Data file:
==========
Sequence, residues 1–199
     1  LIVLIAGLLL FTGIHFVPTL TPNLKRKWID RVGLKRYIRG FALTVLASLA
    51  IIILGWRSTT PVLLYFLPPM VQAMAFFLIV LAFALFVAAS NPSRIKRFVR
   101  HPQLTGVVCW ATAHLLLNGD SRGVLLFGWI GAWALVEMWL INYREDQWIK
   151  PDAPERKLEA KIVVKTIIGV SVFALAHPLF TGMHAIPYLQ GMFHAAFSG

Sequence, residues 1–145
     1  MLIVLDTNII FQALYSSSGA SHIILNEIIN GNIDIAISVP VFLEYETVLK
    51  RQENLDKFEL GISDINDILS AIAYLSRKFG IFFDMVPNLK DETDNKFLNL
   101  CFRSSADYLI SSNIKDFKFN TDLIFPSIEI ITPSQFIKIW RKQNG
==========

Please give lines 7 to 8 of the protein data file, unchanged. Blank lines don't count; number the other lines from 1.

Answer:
     1  MLIVLDTNII FQALYSSSGA SHIILNEIIN GNIDIAISVP VFLEYETVLK
    51  RQENLDKFEL GISDINDILS AIAYLSRKFG IFFDMVPNLK DETDNKFLNL